When citizens at the Town Hall demand that governments should respect taxpayers, then decision makers should listen. However, taxpayers should not have a louder voice than citizens.  Taxpayers ‘rights’ should not be extended to the degree they disrupt the larger social contract.  If they do, then the democracy is at risk of eliminating itself by undermining the contract of service and trust, and, incidentally, by bankrupting the state.  There is some evidence that the US has already begun to do this.  Since the language of taxpayers’ rights essentially marginalizes any public interest from the conversation, it is incapable of constructing a new social contract.  The language of taxpayers’ rights then becomes essentially self-destructive, since taxpayers will end up undermining, in the end, their own claims to the rights and benefits of citizenship.

Unsettled Balance: Ethics Security and Canada’s International Relations

Book Cover 2015

New Website for Unsettled Balance Book here!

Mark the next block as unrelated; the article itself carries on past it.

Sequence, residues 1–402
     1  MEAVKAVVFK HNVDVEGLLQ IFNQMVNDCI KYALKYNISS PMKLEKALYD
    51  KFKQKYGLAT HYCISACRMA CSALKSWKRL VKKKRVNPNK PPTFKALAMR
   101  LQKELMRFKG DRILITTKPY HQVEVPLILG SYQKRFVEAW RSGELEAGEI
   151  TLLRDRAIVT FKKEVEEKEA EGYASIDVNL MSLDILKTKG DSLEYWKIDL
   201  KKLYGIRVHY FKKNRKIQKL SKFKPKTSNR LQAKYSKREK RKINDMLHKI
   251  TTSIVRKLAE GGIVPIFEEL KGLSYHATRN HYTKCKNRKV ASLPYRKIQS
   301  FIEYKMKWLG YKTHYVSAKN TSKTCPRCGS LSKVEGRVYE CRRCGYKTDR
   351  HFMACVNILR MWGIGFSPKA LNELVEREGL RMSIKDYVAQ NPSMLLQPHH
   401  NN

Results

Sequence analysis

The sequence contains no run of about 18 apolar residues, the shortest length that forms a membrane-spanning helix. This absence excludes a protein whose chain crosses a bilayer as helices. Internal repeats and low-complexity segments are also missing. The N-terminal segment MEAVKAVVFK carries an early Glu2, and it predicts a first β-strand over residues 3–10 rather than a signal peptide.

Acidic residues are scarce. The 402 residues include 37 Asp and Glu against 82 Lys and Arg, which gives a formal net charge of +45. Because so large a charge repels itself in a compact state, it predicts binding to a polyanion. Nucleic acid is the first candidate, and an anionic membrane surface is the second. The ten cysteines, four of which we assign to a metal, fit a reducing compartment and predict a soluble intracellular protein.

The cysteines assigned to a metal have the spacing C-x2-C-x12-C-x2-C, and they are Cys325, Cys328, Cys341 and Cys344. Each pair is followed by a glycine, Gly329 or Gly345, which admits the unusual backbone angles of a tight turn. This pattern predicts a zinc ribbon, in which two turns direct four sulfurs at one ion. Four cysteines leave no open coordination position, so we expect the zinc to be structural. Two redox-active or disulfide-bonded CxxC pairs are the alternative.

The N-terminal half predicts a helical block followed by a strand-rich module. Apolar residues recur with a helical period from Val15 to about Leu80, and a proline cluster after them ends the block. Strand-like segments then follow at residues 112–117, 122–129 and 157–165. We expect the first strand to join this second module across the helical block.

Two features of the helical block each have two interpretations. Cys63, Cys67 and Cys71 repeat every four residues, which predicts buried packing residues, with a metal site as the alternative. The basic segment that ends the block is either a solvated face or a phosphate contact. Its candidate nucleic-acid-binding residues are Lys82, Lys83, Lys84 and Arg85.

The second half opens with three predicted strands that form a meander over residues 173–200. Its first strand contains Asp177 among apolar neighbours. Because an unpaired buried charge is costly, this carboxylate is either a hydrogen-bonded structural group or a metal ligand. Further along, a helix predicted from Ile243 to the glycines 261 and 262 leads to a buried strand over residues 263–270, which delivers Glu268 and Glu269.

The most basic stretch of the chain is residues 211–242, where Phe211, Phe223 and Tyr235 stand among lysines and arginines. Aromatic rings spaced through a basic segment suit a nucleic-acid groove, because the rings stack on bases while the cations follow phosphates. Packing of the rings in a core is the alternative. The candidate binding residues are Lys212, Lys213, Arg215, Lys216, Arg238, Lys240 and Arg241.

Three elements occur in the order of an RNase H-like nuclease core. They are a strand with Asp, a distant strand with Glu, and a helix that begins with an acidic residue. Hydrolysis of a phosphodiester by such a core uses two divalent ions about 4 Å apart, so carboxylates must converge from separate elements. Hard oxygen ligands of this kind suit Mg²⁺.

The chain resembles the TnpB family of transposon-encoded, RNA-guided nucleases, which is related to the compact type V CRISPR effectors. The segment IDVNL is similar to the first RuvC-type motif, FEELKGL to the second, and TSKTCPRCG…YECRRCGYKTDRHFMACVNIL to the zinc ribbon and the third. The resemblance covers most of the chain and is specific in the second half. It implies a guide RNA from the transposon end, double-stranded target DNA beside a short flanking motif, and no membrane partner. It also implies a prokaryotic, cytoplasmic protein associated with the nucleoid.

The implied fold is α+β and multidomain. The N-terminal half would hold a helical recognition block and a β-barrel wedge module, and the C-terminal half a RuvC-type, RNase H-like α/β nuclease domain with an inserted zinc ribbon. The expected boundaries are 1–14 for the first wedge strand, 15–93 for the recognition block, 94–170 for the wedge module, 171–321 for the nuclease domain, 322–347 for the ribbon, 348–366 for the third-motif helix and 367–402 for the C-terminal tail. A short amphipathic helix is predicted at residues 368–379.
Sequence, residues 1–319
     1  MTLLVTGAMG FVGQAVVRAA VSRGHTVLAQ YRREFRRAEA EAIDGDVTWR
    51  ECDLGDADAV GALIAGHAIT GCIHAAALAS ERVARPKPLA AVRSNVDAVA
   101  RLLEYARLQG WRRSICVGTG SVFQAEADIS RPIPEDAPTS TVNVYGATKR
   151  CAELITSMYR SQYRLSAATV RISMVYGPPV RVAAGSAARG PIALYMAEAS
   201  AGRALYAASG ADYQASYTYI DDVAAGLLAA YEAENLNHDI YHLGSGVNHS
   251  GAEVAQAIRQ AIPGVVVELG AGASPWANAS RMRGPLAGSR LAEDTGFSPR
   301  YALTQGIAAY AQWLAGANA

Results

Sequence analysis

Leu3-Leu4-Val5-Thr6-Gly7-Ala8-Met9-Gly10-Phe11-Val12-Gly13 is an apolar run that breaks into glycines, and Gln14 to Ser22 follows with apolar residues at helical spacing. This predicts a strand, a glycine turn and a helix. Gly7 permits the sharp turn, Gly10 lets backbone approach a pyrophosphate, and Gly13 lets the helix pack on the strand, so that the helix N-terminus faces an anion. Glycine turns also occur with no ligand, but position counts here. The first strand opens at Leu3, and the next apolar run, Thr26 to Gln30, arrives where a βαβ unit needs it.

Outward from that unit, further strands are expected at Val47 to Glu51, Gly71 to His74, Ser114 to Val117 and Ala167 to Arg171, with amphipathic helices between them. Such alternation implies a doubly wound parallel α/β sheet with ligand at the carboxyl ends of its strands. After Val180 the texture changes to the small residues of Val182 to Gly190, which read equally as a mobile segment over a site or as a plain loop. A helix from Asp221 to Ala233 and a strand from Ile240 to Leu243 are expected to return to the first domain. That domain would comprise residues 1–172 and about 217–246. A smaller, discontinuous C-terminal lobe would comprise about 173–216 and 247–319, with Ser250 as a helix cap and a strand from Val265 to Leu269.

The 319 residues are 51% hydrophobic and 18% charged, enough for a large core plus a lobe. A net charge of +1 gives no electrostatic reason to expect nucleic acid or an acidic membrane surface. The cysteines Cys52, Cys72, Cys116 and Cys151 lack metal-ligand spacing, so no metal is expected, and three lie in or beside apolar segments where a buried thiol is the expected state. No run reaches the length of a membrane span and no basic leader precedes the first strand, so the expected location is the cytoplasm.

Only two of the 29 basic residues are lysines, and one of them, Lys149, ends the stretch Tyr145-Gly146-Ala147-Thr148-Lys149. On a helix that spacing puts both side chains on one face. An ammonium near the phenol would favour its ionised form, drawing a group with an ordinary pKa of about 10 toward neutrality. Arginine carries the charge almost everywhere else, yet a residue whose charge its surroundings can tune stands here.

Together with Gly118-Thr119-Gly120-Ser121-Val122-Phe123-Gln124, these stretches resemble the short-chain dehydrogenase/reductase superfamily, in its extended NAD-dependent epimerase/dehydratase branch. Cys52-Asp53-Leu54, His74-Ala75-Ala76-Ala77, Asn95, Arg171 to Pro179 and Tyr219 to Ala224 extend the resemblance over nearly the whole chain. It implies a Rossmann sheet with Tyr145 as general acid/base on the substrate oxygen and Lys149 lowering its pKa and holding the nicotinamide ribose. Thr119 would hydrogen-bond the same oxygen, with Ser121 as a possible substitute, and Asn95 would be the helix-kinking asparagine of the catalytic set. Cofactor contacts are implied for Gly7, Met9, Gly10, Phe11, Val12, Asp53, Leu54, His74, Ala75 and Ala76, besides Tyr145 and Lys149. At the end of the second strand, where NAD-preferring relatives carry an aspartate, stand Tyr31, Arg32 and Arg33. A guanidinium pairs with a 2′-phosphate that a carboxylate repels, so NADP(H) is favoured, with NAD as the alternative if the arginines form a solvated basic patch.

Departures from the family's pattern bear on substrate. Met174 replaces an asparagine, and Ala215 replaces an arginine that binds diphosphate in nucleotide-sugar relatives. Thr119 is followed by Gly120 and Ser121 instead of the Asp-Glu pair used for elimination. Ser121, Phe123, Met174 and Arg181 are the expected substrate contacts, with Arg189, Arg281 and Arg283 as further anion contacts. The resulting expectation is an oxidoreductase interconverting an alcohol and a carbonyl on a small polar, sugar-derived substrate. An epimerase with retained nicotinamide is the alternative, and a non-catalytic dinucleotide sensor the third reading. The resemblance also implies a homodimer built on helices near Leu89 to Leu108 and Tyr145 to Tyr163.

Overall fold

Since 9/11, the wars on terror, economic crises, climate change, and humanitarian emergencies have led decision makers to institute new measures to maintain security. Foreign policy analysts tend to view these decisions as being divorced from ethics, but Unsettled Balance shows that arguments about rights, obligations, norms, and values have played a profound role in Canadian foreign policy and international relations.

Examining a wide range of events in Canada and abroad, the contributors to this volume collectively explore three key questions. What is the meaning of ethics and security, and how are they linked? To what extent have considerations of ethics and security changed in the twenty-first century? And what are the implications of a shifting historical context for Canada’s international relations?

Whether probing how Canada handles the tension between ethics and security when hosting large-scale international events, engaging in humanitarian aid initiatives, or entering into military operations, each chapter provides insight into key decisions in recent Canadian history. In a time of rapid change, this book is essential reading for anyone who wants to understand how Canada responds to the challenges of an increasingly volatile world and why it responds the way it does.

The Psychology of Wealth and the Social Contract

Credit: Flickr User Philip Taylor
Credit: Flickr User Philip Taylor